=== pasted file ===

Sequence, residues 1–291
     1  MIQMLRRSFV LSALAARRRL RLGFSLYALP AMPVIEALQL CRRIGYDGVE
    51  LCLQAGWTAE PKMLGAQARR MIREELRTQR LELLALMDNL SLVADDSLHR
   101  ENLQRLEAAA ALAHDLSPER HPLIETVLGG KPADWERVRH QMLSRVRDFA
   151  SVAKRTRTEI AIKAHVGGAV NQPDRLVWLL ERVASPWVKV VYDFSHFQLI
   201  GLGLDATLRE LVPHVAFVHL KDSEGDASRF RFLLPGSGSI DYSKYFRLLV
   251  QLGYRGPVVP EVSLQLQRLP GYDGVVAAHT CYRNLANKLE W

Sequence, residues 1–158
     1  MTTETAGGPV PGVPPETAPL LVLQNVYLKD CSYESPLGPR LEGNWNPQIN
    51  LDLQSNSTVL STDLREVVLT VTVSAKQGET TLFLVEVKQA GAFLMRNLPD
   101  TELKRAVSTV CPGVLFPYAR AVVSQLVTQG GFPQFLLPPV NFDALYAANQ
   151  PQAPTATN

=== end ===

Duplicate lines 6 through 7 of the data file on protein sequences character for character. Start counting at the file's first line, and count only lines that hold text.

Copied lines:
   201  GLGLDATLRE LVPHVAFVHL KDSEGDASRF RFLLPGSGSI DYSKYFRLLV
   251  QLGYRGPVVP EVSLQLQRLP GYDGVVAAHT CYRNLANKLE W